The industry of happiness: why watching American TV at Christmas sucks

It’s actually quite scary.

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“Enough, ENOUGH,” I say, striding into the middle of the living room and, with an almost athletic flourish, gesturing to my parents with my arms as well as my words that something gruesome – something rancidly inhumane is taking place.

For the past 20 minutes, my eyes and ears have been on the receiving end of a bombardment of pure energy. I’ve seen lights brighter than military grade lasers designed to annihilate entire nations’ retinas screaming their incandescence into the echoey void. I’ve endured weaponised smiles from directions I never even knew existed. Words farted, deafeningly, from the bellies of human birthday cakes have stomped, repeatedly and without a crumb or remorse, on my head.

“OUT, SATAN,” I scream at a modest television in the corner of the room, in our New York Airbnb.

How could such an unassuming object produce something so unearthly? It’s as if scientists have isolated the Loud gene and the Big gene and spliced up something world-eating. And it’s hungry. American TV is energetic at the quietest of times. At Christmas, it transpires, its amphetamine ration is quadrupled. Producers, I imagine, are ploughing coke into each other’s dilated anuses as if Armageddon is finally upon us.

This evening is part of my parents’ drive to finally get to grips with the core defining philosophical features of the United States. Now that they have two American grandchildren, they obsess over what sort of an environment, culturally speaking, these two miniature Yanks are going to grow up in. Television, they’ve decided (as if the internet never happened) is the answer. Television will reveal all. Not HBO series scripted by writers so talented they can’t shit without shifting a paradigm; they want the barrel scrapings. The rot. The televisual herpes. Exposure to this, and this alone – they have resolved – will teach them America.

Twenty minutes into a reality programme in which families compete to decorate their houses in the most elaborate Christmas light displays, and not a single joke has been cracked. This is a peculiar sort of jolliness. Everyone is smiling. Everyone is shrill. The presenter, a glamorous automaton, trumps the collective energy of the entire small towns that have shown up to greet her. And yet there is no funny to be seen.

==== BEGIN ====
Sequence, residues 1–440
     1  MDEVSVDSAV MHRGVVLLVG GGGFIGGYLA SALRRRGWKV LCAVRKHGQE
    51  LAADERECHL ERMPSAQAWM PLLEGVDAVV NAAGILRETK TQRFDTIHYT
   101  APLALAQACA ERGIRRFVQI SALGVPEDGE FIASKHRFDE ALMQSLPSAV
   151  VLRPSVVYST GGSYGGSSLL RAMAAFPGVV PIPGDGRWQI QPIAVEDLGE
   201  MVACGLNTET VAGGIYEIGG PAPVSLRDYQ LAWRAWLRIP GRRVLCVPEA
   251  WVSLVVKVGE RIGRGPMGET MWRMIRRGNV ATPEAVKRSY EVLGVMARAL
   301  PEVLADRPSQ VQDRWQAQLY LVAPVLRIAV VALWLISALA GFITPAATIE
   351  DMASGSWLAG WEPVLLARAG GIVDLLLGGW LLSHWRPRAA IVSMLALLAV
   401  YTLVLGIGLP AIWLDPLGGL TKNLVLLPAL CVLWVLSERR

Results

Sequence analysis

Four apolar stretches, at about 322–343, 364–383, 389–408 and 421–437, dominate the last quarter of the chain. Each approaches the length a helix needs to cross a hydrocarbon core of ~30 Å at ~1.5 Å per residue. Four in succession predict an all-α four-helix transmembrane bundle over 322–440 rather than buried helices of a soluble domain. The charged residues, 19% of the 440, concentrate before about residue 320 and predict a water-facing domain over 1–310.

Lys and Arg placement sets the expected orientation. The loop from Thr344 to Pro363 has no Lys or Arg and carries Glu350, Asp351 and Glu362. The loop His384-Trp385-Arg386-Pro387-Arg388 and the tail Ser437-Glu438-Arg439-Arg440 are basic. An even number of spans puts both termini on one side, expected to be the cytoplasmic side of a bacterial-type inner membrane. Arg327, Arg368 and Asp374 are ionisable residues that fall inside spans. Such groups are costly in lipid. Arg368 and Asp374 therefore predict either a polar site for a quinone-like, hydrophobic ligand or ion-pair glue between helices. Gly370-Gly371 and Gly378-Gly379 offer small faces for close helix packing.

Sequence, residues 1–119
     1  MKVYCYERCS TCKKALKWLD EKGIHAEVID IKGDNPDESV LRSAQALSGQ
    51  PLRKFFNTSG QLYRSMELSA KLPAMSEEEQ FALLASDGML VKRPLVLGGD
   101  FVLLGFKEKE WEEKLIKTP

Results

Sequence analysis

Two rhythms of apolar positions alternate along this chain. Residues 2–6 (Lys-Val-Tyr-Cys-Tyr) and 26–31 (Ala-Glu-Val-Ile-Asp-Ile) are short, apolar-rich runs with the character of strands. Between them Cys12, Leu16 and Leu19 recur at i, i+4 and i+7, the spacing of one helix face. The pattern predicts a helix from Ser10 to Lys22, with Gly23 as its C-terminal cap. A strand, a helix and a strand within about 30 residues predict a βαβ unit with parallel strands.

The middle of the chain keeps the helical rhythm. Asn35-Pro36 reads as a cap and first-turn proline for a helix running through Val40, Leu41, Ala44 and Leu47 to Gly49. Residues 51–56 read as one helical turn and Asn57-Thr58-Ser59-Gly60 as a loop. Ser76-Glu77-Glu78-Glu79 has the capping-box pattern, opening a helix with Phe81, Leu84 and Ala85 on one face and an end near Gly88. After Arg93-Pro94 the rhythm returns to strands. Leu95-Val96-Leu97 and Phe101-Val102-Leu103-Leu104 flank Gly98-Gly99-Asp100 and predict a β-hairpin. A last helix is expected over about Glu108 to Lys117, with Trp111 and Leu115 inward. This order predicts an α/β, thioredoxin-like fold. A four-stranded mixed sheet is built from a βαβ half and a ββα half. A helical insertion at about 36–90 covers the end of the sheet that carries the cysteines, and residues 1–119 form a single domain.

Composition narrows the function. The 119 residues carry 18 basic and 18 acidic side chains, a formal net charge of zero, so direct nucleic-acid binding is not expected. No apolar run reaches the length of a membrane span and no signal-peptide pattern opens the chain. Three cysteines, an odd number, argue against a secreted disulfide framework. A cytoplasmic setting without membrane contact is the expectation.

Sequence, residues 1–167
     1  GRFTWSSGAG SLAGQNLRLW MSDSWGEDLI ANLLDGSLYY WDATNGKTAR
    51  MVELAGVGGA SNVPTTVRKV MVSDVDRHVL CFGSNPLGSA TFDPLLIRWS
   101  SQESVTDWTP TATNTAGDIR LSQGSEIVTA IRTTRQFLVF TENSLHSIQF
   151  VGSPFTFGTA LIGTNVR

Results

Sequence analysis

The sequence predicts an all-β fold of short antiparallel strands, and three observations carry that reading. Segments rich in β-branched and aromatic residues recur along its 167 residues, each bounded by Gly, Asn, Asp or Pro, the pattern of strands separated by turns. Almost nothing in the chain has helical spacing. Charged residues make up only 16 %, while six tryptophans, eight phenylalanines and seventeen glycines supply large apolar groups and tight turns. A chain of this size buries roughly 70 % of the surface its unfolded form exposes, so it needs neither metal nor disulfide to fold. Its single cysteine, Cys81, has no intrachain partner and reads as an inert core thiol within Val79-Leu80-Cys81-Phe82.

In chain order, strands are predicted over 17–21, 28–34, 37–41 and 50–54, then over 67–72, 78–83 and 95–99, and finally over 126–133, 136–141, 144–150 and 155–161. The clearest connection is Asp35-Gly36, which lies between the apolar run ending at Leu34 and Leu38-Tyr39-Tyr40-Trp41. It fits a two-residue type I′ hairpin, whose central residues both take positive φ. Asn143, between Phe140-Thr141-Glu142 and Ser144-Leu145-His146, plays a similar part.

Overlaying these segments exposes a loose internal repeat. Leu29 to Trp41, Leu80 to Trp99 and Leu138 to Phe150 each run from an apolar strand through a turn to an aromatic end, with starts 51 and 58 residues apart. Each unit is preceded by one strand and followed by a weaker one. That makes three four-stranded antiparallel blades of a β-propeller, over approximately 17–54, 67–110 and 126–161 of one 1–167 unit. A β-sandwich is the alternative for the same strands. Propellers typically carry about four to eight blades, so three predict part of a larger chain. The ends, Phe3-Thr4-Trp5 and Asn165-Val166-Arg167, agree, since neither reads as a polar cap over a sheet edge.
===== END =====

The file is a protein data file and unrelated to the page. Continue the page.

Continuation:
This is what happens when you turn happiness into an industry. When you suck the wit and spontaneity out of lighthearted entertainment, you’re left with something that’s actually quite scary. A sort of sterile, hormone and antibiotic-fed joy. Even the most flamboyant British telly – X Factor, I’m A Celebrity, etc. – seems subdued in comparison. It’s a comparative calmness I can only imagine is cultivated by our ability to take the piss out of ourselves. All even moderately tense moments are extinguished by sarcasm.

The lights and screaming programme cuts to adverts and the TV is still punishing me with loud. In an ad for Toys ‘R’ Us, a woman in full fatigues returns home from whatever the hell war is happening elsewhere (read, who the fuck cares?), to her five-year-old son. Army presence in a commercial for a toy shop, an actual toy shop, must point to a society whose military-mindedness could give North Korea a run for its money.

I’ll give my parents some credit – this is educational. But I can’t take any more Loud. I can’t take any more Big. I’m broken and all I want to do, for the rest of the winter quite possibly, is take a Valium and listen to Radio 4.

Eleanor Margolis is a freelance journalist.